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After Very Visible Roles, Lupita Nyong'o Looks To Disappear Into Character

Lupita Nyong'o says it was "a very discombobulating thing," to go from obscurity to the Academy Awards.
Alex Lubomirski
Lupita Nyong'o says it was "a very discombobulating thing," to go from obscurity to the Academy Awards.

Lupita Nyong'o lives in a sunny apartment high above the East River in Brooklyn. Black-and-white photos of African wildlife hang on orange accent walls, near a collection of pretty blue pottery. The actress just earned rave reviews for her Broadway debut, in the play Eclipsed. She's also featured in the biggest movie in theaters now, The Jungle Book. It's possible you heard about her last little film: Star Wars: The Force Awakens.

Nyong'o was born in Mexico City; her Kenyan parents were teaching university there. She grew up in Nairobi, studied drama at Yale and won an Oscar for her first film, 12 Years A Slave, the very day after her 31st birthday.

"It was a very discombobulating thing, to go from being completely unknown to winning an Academy Award," N'yongo says frankly. She's wearing a daisy-printed black dress, curled up barefoot on her couch. (Guests are politely requested to remove their shoes upon entering her apartment.)

When Nyong'o accepted her Best Supporting Actress Oscar, she thanked the real person her character was based upon, from Solomon Northup's memoir, Twelve Years A Slave, published in 1853. Patsey, an enslaved young woman, endured horrific violence and endless labor in the cotton fields of Louisiana.

"It doesn't escape me for one moment that so much joy in my life is thanks to so much pain in someone else's," she said in her speech to the Academy, composed and compassionate, her dark skin set off by a blue pastel Prada gown.

That 2014 appearance helped make Nyong'o a celebrated beauty. She appeared on a raft of magazine covers, including People's Most Beautiful issue, and was named a face of Lancôme. But that kind of attention ended up giving Nyong'o pause.

"12 Years A Slave is a lot about the economy of Patsey's body," she observed. "And then, also, the exposure the film gave me was a lot about my body."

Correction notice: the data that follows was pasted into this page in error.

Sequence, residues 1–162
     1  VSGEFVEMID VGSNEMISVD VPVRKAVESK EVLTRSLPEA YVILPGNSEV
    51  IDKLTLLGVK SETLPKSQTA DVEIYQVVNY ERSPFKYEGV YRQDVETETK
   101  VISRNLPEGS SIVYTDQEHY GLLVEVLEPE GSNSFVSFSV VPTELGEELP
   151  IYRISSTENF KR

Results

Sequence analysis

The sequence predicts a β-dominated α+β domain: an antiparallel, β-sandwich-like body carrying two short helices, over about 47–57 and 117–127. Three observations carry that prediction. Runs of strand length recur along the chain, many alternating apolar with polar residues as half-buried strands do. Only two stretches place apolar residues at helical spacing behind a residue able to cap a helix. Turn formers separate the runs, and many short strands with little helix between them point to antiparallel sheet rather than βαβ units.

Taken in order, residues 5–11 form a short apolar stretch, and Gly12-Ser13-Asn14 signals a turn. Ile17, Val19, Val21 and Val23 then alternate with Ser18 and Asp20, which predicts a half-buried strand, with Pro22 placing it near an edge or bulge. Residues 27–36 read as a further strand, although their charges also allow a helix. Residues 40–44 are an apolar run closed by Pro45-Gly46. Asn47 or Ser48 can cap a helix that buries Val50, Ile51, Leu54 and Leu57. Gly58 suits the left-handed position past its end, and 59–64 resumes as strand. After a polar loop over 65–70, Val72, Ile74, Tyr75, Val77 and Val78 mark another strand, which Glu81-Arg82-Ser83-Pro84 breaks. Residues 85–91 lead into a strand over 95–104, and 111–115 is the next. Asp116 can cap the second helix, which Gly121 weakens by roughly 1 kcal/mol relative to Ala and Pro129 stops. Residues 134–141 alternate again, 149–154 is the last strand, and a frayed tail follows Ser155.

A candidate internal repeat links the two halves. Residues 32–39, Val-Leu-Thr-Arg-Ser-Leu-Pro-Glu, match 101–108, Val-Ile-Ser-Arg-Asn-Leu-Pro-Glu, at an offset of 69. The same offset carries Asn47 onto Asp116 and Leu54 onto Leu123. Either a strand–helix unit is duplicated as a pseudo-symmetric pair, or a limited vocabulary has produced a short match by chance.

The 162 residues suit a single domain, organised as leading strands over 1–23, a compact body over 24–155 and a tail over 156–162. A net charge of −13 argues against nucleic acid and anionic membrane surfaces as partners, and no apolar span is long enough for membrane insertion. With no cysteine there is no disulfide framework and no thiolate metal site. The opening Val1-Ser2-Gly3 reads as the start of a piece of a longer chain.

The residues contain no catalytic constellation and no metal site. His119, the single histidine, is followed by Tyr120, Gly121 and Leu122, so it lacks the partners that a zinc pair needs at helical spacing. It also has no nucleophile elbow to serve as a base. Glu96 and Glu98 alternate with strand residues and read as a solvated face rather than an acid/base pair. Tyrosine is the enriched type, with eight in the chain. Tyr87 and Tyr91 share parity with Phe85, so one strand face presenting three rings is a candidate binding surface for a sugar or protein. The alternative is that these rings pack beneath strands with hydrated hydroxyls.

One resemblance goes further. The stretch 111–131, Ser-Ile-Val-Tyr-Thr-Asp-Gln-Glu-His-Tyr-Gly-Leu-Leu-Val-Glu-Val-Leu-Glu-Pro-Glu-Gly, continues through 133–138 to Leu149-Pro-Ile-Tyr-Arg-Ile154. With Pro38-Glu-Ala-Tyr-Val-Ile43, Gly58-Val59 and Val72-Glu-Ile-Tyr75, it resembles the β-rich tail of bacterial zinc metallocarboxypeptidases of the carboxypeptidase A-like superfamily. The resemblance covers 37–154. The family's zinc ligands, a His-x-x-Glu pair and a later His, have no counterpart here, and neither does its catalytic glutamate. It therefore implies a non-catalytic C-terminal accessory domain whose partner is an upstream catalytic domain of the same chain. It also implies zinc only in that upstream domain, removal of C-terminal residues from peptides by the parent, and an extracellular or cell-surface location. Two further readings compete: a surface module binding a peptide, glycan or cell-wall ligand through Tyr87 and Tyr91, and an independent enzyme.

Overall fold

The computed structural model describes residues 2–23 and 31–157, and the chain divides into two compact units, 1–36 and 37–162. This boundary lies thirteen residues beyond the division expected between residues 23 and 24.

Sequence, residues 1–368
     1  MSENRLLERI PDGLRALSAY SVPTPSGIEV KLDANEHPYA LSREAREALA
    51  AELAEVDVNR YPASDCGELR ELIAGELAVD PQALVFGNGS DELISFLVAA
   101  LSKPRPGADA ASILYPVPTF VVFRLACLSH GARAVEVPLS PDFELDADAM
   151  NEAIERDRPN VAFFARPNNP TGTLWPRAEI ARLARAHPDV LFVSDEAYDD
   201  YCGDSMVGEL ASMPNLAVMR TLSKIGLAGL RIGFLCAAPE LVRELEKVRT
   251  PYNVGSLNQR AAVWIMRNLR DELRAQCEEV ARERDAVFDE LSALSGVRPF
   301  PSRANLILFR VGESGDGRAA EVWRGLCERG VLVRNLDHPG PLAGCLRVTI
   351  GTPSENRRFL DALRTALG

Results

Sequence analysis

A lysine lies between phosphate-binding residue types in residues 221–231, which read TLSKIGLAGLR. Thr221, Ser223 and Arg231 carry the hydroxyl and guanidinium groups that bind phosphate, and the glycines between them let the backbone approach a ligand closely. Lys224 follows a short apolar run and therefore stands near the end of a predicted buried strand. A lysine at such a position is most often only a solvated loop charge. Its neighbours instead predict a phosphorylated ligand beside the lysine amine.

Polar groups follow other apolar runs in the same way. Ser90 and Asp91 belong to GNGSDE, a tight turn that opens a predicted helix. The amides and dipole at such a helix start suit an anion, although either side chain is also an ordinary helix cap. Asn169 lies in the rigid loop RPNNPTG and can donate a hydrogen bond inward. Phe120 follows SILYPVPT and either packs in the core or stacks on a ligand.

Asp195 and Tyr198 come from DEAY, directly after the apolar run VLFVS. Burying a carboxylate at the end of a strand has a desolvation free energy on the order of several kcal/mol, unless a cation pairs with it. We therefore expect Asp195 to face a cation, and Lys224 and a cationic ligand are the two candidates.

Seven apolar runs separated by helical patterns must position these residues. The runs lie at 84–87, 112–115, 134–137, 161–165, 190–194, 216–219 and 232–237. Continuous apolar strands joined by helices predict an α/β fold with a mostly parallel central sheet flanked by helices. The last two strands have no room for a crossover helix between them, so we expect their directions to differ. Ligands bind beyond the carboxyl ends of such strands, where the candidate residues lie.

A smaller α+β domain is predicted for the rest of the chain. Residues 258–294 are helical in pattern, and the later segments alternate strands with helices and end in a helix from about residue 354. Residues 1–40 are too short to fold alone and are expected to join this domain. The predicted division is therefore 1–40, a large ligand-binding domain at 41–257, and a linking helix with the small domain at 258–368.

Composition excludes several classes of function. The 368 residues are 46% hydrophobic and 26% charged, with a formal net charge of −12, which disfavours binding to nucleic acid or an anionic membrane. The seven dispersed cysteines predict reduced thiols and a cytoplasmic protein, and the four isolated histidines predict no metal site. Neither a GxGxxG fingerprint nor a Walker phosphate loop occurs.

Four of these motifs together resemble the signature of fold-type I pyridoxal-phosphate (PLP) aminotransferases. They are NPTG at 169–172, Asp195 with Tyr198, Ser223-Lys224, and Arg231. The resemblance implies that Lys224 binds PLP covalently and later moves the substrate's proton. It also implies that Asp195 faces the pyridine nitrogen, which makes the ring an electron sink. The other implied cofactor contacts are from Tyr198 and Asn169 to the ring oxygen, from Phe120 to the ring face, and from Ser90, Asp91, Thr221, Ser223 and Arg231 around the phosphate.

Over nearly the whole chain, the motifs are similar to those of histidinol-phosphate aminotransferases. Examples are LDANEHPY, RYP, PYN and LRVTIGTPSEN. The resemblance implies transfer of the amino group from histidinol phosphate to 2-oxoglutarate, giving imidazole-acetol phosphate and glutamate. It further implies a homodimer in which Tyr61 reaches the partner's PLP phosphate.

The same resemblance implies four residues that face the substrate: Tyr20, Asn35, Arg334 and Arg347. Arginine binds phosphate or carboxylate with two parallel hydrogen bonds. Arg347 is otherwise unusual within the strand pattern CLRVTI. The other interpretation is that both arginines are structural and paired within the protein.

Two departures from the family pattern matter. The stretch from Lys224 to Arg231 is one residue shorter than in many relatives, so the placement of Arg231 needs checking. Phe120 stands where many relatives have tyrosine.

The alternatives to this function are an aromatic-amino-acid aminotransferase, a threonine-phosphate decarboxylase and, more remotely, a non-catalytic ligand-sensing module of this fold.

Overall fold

So it's not entirely by accident that you don't see Lupita Nyong'o's body or her lovely face in the two giant movies she starred in right after 12 Years A Slave. In The Jungle Book, she's a voice. In Star Wars: The Force Awakens, she's an alien, altered entirely by CGI. I wondered if that was because of Hollywood's limited starring roles for women who look like her. Nyong'o said no.

"I think subconsciously I was excited by work ... that was not about my body," she says. In fact, she says, playing a thousand year old creature in Star Wars was something of a relief. "It wasn't about my skin or my body or its economy, whether we're talking about slavery or we're talking about fashion or about celebrity," she says. "When Star Wars came about, it excited me because I got to get back to acting in a way that was free of that body, and I got to inhabit a different body."

Plus, obviously, it was Star Wars. Similarly, in The Jungle Book Nyong'o got to experiment with voice acting in a classic Disney remake, as the main character's adoptive wolf mother. "I like to disappear into character," she says, smiling. "I like to let go of my ego and just work on material. I like to be in service of character."

Pascale Armand, Lupita Nyong'o and Saycon Sengbloh in a scene from <em>Eclipsed</em>, now on Broadway.
/ Joan Marcus
Joan Marcus
Pascale Armand, Lupita Nyong'o and Saycon Sengbloh in a scene from Eclipsed, now on Broadway.

That's also why Lupita Nyong'o has returned to her roots as a stage actress. At Yale, she served as an understudy for Eclipsed, a play set among captured women during the second civil war in Liberia. It never left her. She used her fame to bring Eclipsed to Broadway, and stars in it as well.

"Ms. Nyong'o, simply superb, illuminates her character's conflicted feelings with pinpoint clarity," raved Charles Isherwood, chief drama critic of The New York Times in March, when the play opened. He went on to call Nyong'o "one of the most radiant young actors to be seen on Broadway in recent seasons."

Isherwood told NPR that the movie stars he sees on Broadway usually pick commercially-friendly revivals, not challenging, contemporary dramas. "To see a young actor bringing a play like this to Broadway is really frankly not something I've seen before," he said. "It's unprecedented, I think."
So what are Nyong'o's plans after Eclipsed closes in mid June?

"I really, really need to do a comedy," Nyong'o laughs.

Lupita Nyong'o's next movie is not a comedy, but it's already in the can. The Queen of Katwe comes out in September, also from Disney and directed by Mira Nair. It's another true story: Nyong'o will play the mother of a teenaged female Ugandan chess champion.

Copyright 2022 NPR. To see more, visit https://www.npr.org.

Neda Ulaby reports on arts, entertainment, and cultural trends for NPR's Arts Desk.